Alexis Kreyder

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Biography of Alexis Kreyder ( 1839-1912 )

Born in Andlau in Alsace, Alexis Kreyder has particularly distinguished himself in the art of still life and the representation of flowers. His early childhood spent in a wine-growing region certainly made him aware of the beauty of the surrounding nature.
He began his artistic apprenticeship at the Strasbourg academy in 1855 where he was taught by Eugène Laville, before joining the decorative painters Georges Zipelius and Joseph Fuchs in Mulhouse. Fuchs was a renowned floral designer and the wallpapers of Zipelius and Fuchs show opulent nature and finely realized decorative panoramas.

With this education, Kreyder went to Paris in 1859 where he worked for the industry. The call of the artist's life pushed him to join Théodore Rousseau in Barbizon. Between 1863 and 1864, they worked together on a decorative project for Prince Demidoff. There, he also befriended Jean-François Millet, with whom he made a trip to Switzerland in 1868.

Every year between 1863 and 1882, he presented his still lifes at the Salon des Artistes Français. He won a first medal in 1867, then a second-class medal in 1884 and also a silver medal at the Universal Exhibition of 1889. He was named Knight of the Legion of Honor in 1896 and was a member of the Society of French Artists and the National Society of Fine Arts.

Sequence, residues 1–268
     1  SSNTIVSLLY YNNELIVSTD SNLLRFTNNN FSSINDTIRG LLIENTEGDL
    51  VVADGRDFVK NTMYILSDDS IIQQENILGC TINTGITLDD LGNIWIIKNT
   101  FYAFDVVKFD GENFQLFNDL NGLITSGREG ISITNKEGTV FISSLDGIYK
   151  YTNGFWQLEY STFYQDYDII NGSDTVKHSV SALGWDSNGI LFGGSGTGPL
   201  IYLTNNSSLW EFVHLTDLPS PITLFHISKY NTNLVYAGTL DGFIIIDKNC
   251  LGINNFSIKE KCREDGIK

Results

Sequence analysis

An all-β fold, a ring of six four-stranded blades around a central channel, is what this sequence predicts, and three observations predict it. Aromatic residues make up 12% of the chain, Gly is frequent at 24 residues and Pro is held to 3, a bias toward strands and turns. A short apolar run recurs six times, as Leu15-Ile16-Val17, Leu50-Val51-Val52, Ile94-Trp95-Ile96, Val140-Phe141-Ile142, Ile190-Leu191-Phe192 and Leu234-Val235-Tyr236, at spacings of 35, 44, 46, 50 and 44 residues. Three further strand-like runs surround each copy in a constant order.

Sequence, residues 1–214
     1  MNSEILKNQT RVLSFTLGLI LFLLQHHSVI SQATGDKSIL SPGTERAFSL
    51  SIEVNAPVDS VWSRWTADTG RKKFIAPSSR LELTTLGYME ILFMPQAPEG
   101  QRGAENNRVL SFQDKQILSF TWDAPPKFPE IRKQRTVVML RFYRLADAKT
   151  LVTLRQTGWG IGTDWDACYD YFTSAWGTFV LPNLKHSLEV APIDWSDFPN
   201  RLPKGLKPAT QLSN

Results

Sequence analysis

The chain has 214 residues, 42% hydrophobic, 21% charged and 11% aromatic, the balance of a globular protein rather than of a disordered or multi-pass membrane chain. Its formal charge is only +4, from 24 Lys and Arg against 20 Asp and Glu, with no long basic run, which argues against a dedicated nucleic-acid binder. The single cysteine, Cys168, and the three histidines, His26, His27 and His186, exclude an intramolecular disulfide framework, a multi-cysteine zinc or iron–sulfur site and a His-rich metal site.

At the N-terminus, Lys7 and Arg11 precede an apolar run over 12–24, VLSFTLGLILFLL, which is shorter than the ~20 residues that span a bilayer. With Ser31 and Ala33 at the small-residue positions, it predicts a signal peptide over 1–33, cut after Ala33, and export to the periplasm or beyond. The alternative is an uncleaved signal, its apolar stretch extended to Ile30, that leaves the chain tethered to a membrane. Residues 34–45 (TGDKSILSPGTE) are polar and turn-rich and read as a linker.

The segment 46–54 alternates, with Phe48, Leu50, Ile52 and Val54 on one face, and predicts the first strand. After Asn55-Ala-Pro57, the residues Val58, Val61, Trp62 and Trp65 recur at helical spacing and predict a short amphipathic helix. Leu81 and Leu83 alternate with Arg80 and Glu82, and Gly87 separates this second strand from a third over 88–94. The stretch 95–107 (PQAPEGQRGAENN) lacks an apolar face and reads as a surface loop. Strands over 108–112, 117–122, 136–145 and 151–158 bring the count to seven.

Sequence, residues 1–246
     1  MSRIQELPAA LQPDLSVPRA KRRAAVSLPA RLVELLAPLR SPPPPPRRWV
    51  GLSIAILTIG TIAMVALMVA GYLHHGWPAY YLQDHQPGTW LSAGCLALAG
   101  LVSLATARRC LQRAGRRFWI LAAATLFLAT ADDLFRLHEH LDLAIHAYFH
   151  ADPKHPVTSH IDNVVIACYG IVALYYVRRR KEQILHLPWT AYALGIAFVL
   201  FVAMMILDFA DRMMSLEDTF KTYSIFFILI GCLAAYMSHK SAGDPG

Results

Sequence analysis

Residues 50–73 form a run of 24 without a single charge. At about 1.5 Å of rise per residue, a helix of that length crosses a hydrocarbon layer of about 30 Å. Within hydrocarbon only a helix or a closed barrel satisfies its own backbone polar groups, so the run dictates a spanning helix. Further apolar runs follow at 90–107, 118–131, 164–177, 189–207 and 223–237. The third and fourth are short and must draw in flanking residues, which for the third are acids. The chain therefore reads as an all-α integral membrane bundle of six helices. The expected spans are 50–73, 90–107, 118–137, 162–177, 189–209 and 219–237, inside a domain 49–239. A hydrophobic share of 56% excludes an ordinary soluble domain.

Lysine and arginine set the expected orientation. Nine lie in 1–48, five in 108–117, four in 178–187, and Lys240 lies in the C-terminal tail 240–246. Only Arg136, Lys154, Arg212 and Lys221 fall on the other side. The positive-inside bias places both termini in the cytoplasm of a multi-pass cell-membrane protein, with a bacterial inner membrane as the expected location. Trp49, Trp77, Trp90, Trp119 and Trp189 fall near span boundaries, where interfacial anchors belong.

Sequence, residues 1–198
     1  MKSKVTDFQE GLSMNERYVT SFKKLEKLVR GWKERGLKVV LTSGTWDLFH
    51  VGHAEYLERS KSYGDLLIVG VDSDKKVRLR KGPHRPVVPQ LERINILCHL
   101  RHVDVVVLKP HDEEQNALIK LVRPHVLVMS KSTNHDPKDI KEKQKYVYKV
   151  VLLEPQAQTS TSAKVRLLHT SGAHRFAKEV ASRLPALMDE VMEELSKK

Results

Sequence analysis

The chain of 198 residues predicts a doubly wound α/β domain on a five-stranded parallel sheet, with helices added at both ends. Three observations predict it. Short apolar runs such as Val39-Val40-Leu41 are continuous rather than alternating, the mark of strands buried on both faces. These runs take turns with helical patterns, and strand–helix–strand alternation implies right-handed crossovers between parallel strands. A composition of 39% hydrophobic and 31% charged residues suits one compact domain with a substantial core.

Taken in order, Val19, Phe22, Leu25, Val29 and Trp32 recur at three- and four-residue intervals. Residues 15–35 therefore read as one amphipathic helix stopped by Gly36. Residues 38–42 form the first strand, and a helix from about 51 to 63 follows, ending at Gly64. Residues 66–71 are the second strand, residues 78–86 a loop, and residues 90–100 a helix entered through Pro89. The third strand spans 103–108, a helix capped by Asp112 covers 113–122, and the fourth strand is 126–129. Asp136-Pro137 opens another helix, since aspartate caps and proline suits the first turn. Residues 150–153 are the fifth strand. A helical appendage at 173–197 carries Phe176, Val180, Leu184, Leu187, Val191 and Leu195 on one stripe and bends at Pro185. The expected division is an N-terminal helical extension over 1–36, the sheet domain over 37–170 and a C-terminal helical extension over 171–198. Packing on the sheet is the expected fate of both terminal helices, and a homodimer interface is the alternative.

Alexis Kreyder is a painter of flowers who was very successful under Napoleon III and at the turn of the century. His impeccable technique and his sense of composition earned him many commissions. His paintings were frequently purchased at the Salons where he exhibited for nearly 30 years.

32 avenue Marceau
75008 Paris, France
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Saturdays from 2 to 7 p.m.
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